A canonical sequel was made in the form of Metal Gear 2: Solid Snake, considered one of the best 8-bit games ever made. The sequel evolved the series by introducing a complex storyline facing themes such as the nature of warfare and nuclear proliferation. A critical success, the Metal Gear series has continued in multiple sequels and spinoffs.
A remake of the original would be an excellent way to celebrate the series.
3. The Elder Scrolls III: Morrowind (2002)
The third installment of the Elder Scrolls series, Morrowind is set on the continent of Tamriel, specifically in the titular province of Morrowind. In this open world RPG, the player character is customizable as the player chooses gender and one of ten races. The player’s journey takes place on the island of Vvardenfell as the deity Dagoth Ur creates a volcanic eruption on Red Mountain in order to drive the Imperial Legion out of the province.
The Elder Scrolls III: Morrowind sold extremely well and was also critically well received, causing it to be one of the best games of 2002. The graphics were great at the time, but far behind modern expectations. The sequels in the Elder Scrolls series such as Oblivion and Skyrim were even bigger successes, bringing more fans to the franchise.
A digitally remastered remake of Morrowind is highly requested and would be welcomed by many fans.
2. Planescape: Torment (1999)
The titular Planescape is a Dungeons & Dragons fantasy campaign setting, the video game taking place in locations from the Planescape multiverse. Planescape: Torment is a role-playing game that is primarily story-driven, with little combat involved. The protagonist of the game is an immortal man known as The Nameless One, losing his memory every time he dies.
Players experience his journey to regain his memories in order to learn why he was made immortal. While not a commercial success, the RPG gained a cult following and was even considered one of the greatest video games of all time by critics. In 2017, Beamdog released Planescape: Torment: Enhanced Edition, which had few changes other than improved graphics.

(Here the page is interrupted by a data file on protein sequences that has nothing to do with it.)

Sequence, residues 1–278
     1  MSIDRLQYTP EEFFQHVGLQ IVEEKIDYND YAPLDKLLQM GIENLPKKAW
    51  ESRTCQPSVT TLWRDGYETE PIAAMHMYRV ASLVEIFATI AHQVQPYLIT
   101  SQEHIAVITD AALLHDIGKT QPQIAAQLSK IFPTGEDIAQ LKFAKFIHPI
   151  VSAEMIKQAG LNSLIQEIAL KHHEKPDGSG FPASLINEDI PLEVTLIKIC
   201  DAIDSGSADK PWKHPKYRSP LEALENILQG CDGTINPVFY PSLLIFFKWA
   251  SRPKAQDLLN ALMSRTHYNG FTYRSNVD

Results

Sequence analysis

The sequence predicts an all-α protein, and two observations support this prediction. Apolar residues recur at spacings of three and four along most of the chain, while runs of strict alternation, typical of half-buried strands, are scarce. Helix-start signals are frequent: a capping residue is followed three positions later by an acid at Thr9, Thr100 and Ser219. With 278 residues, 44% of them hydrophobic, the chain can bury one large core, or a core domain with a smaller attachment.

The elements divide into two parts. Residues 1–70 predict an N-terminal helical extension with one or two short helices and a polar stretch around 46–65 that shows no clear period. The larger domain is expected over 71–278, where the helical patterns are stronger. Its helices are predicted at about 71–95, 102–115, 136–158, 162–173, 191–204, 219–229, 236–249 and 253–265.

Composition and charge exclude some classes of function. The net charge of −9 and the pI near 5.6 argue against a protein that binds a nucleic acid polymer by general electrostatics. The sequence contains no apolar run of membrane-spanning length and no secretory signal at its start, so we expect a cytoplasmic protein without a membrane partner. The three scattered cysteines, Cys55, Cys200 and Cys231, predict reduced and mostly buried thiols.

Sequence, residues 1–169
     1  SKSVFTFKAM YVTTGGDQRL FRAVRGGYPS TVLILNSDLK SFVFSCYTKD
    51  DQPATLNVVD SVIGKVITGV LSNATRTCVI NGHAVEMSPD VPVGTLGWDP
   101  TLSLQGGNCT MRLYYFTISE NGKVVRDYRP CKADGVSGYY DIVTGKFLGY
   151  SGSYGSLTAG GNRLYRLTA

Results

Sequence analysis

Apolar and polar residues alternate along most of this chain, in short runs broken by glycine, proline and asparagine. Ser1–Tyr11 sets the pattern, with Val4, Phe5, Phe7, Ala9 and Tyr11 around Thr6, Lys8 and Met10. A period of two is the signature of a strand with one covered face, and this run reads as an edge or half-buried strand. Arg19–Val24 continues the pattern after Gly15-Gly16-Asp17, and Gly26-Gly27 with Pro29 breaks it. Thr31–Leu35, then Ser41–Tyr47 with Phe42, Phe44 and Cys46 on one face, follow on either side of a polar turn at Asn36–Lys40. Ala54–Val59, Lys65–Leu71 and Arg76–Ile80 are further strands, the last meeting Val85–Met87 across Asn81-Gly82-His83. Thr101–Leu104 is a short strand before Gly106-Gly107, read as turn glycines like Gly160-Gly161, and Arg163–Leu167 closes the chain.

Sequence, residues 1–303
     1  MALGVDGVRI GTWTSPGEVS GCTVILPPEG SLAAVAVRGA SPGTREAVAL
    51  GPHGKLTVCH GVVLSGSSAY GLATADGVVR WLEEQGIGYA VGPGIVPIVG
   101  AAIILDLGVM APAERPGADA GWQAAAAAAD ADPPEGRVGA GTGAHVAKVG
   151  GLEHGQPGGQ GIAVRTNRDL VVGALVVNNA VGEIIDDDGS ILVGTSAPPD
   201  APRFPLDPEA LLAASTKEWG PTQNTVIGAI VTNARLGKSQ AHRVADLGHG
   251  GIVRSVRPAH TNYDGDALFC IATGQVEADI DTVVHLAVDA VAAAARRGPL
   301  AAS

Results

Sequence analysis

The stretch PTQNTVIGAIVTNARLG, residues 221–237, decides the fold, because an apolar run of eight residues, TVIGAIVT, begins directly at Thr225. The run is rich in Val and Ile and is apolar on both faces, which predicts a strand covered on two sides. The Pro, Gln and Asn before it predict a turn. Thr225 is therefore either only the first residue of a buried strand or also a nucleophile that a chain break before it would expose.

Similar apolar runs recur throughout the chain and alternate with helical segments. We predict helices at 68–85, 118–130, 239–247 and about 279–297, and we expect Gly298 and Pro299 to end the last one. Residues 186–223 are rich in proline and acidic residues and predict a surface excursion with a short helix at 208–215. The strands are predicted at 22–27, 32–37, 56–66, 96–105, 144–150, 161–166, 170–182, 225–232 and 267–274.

This leaves the potential for a remake with further improvements, even diverging from the original isometric design to something more modern.
1. Chrono Trigger (1995)
Published by Square Enix, Chrono Trigger is a Japanese role-playing game that follows the story of a group of adventurers who travel through time to prevent a global catastrophe. Originally released on the SNES, Chrono Trigger was a critical commercial success and known as one of the greatest games of all time. Known for being revolutionary at the time, the detailed graphics, unique battle system, and multiple endings set it apart from other games at the time.
While there were a few sequels, the Chrono series ended in 2001. There have even been fan attempts to recreate the game with a 3D graphics engine, but were terminated by the request of Square Enix. Perhaps the developer studio will consider a remake of the game like they have done for games like Final Fantasy.
Many of these classic games have either been great commercial successes, or well-known cult favorites. Many games from the early 2000s and ‘90s still have avid fans who are either playing their low graphics games on new devices, or wishing they could play online with their friends again.
As many franchises like Legend of Zelda and Final Fantasy are creating successful remakes, fans can only hope these great games will receive the same treatment.